“I’m conscious that you can’t demand an hour of someone’s day every time you want to speak to them,” he says.
“We can’t expect brokers or an entire company to be that accessible. I would walk past them in the office, knock on the door and say fancy a coffee?
“We’d have a chat about some deals for fifteen minutes and that was it. But now brokers are at home looking at their diaries thinking I can’t spare an hour to talk to him, I have too much on.”
Instead Scott says he has been more successful getting intermediaries’ attention by suggesting regular and short conversations.. Zoom is useful, he says, if you want to speak to a couple of people at the same time.
Nadeem says his main methods of communication are now phone, email, texts and whats app.
Despite the lack of visual communication, Nadeem says he feels like he has got to know his brokers better.
“I’m getting to see the personal side of my brokers,” he says. “Of course you got to know them well before, but now we’re having a laugh.
“There’s suddenly a scream in the background because their kids are having an argument or they have fallen over, or the dog is barking.
“Then you have that lighthearted conversation, not just about work but about our personal lives.”
Email enquiries and phone calls are still a staple of Andy Williams’ day, but he is using Zoom to conduct drop -in sessions. Andy is a BDM for Kent Reliance, covering Berkshire, Hampshire and south west London.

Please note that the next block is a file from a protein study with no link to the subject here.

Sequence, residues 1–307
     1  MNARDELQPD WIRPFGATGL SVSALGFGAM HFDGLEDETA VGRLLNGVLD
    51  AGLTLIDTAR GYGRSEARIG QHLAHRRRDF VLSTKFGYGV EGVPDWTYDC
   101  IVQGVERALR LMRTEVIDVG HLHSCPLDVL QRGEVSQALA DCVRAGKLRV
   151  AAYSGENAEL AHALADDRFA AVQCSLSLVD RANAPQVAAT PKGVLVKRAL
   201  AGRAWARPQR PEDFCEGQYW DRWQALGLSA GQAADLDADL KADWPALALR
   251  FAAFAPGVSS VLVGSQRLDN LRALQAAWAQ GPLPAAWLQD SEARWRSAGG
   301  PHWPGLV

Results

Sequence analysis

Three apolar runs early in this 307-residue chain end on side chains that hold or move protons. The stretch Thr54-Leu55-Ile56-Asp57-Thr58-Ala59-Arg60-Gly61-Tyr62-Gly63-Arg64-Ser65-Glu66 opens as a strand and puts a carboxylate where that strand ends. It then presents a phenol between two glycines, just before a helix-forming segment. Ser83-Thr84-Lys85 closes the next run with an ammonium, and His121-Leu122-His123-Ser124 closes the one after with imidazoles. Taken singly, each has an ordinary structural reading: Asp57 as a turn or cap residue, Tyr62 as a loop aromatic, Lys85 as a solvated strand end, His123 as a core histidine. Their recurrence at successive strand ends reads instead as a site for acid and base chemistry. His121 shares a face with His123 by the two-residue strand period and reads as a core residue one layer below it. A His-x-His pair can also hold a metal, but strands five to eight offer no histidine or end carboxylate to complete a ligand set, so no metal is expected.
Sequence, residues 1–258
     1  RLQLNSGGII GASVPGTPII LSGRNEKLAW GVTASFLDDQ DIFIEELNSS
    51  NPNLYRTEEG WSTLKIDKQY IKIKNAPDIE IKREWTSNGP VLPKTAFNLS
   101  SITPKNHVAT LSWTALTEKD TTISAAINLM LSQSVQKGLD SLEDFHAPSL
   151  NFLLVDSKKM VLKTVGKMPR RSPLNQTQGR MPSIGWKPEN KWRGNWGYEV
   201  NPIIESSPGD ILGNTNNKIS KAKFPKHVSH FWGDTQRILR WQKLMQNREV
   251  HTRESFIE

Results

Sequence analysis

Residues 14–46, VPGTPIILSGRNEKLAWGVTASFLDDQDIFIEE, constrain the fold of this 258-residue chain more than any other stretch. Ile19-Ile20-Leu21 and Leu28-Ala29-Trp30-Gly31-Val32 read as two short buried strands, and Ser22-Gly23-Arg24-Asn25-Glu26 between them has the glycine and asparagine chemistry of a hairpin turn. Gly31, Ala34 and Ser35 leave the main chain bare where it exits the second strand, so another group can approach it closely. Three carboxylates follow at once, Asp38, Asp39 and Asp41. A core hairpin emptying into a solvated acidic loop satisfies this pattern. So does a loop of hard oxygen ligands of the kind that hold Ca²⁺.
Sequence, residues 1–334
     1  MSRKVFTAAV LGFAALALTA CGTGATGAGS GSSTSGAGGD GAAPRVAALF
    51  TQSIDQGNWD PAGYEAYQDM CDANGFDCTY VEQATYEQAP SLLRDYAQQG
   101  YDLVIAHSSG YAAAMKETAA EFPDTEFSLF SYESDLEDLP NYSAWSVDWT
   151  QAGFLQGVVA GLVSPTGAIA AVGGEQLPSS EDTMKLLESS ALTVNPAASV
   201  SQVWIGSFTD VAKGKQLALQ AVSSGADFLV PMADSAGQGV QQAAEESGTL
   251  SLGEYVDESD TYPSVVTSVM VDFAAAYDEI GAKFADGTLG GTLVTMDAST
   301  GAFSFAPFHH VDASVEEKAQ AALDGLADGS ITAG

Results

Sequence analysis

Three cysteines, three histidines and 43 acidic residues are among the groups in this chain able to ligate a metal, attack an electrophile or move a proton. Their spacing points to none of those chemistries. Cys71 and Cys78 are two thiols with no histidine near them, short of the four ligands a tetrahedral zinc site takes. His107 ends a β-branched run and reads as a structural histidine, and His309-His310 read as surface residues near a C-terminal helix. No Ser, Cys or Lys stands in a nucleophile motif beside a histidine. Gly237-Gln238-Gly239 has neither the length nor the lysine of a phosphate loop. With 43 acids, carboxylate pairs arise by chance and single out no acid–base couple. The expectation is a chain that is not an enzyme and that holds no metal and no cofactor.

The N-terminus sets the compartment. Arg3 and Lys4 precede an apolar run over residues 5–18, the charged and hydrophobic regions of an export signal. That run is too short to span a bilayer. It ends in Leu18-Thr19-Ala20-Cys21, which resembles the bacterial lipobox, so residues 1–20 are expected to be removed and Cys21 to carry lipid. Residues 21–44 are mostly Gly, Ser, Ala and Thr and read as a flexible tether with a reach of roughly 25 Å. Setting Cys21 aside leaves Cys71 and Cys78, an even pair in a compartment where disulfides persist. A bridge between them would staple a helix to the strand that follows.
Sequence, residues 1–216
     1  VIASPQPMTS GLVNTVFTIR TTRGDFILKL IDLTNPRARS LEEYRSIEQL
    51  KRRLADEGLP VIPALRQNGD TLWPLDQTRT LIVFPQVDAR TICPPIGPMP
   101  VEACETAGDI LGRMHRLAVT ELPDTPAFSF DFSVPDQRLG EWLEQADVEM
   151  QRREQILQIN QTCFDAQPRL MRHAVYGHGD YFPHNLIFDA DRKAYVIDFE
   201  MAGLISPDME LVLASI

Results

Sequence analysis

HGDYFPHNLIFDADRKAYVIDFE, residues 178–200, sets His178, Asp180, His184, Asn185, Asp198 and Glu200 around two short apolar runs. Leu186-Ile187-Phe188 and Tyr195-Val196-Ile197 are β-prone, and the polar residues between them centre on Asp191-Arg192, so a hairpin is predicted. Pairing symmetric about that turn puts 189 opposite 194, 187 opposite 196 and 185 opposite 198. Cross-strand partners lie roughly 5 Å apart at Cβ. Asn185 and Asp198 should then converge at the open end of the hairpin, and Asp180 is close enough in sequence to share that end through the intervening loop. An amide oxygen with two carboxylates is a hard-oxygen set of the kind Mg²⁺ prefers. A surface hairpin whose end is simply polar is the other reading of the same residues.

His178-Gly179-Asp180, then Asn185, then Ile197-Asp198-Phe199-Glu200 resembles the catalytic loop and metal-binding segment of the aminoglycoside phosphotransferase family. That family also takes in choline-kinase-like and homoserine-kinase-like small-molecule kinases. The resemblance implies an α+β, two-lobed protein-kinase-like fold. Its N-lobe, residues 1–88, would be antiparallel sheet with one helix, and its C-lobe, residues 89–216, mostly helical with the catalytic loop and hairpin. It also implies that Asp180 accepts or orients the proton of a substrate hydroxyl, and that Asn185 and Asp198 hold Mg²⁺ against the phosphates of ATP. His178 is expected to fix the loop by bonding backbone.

One of his broker firms has asked him to host a two hour video call session once a month and he gets 10 minutes on a one to one basis with brokers.
“When you walk the floor at the some of the bigger firms, you don’t often get time to speak to anyone for very long,” he says.” This way you have their attention for a full 10 minutes and it has worked really well.
He has also been holding webinars with individual firms to give them updates on products and policy via Webex.
Halifax BDM Nick Jury who covers central London says he has been asked to communicate with firms in varying ways. He has lots of virtual meetings lined up with his bigger clients but says brokers are missing the face to face interaction.